• The problem that your target market has is a problem that people will pay to have fixed or cured.
  • The benefit or outcome from reading the book you have written and from their implementing what is in that book needs to be something tangible, measurable and easy to understand.
    • If you cannot show and share social proof that you know what you are talking about works and cannot support it with relevant stories, then interview others who has.
    • You can be an instant expert and manufacture credibility by “borrowing” it from published statistics or interviewing other experts.
    • The more PROOF you have in the form of stories, pictures, before and after images, videos, testimonials, endorsements, etc. the better for you!

Basically…if you do not have it…borrow it!

Here is the BIG BONUS!

Amazon’s book and author pages rank highly on Google.  Authors like John Cote (listen to our interview with him), was found online by an event promoter who was searching online for the keyword phrase “Word of Mouth Marketing.”  John got an amazing speaking engagement because Amazon gets great search engine rankings and Google indexed his book…sending his searcher directly to his book…and to him!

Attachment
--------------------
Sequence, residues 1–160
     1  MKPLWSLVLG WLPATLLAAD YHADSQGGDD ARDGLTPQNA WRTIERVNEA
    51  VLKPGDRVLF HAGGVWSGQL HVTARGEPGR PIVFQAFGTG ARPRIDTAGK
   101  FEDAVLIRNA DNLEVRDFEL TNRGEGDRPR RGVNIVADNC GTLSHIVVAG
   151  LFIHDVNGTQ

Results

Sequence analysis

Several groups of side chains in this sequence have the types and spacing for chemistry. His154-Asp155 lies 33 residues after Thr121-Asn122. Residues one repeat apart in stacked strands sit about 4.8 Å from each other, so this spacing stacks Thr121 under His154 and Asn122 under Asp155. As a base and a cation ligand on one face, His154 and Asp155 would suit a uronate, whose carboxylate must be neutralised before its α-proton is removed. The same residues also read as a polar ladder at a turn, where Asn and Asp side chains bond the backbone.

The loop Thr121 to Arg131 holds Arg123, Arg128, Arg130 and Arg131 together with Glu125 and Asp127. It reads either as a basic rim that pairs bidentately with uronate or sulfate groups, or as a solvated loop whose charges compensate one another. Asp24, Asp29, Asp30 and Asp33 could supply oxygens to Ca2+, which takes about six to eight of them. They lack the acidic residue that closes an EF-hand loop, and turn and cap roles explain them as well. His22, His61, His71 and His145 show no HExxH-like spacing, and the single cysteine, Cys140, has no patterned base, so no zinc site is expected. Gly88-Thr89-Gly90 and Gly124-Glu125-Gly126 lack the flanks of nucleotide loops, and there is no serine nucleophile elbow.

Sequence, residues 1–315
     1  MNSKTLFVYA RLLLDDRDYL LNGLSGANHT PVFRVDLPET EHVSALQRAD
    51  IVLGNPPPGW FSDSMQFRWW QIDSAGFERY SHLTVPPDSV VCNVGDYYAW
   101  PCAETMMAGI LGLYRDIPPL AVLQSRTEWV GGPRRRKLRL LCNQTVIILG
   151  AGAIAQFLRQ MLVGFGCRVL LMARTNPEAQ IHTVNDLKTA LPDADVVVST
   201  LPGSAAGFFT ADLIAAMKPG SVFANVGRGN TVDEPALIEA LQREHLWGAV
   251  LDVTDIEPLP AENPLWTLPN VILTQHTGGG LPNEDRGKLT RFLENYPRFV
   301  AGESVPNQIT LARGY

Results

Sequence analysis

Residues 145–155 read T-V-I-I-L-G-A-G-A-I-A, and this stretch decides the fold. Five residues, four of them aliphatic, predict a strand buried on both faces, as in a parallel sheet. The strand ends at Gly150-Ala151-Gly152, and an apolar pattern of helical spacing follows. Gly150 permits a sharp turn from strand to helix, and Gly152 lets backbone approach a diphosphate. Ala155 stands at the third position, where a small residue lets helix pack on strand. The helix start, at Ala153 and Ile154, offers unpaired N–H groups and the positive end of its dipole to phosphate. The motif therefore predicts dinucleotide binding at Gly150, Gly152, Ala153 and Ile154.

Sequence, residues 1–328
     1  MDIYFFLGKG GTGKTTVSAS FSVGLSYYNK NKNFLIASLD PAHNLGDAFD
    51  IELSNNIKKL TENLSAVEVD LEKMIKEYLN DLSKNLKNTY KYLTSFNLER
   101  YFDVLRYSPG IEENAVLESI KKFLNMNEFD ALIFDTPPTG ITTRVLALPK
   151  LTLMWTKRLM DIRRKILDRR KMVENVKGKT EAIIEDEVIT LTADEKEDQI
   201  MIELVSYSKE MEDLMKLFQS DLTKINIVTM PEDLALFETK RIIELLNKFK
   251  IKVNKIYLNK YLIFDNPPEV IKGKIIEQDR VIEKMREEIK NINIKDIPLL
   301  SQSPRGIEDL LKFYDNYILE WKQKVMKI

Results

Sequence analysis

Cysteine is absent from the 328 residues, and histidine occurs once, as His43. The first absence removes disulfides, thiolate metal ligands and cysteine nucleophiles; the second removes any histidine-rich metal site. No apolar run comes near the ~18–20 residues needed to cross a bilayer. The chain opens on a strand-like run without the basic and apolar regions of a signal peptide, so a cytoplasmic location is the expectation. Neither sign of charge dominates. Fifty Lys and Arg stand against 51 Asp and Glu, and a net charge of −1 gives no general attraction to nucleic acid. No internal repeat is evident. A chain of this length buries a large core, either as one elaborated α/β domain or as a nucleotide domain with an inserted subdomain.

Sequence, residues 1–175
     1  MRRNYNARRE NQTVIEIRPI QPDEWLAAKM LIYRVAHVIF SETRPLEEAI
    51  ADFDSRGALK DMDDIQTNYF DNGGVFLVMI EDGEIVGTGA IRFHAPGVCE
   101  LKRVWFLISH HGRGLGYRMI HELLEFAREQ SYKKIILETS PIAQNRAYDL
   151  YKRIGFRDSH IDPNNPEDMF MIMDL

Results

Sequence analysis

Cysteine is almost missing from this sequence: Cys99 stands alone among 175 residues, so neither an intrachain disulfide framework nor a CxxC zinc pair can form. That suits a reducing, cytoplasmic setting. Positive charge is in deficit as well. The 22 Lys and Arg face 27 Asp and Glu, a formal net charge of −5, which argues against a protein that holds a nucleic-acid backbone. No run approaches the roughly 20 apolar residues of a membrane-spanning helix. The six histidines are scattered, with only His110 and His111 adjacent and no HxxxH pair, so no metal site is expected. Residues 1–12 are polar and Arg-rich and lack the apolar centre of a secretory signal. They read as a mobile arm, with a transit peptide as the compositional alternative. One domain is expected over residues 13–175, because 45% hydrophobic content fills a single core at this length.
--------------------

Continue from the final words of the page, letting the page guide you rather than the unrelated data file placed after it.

Incidentally, that speaking engagement led John to multiple 6 figure deals for John in an industry he knew nothing about!!!  That industry?  Medical Tourism

How did he get found?  Take a look at his SubTitle!

John’s experience has been transforming for him and his family.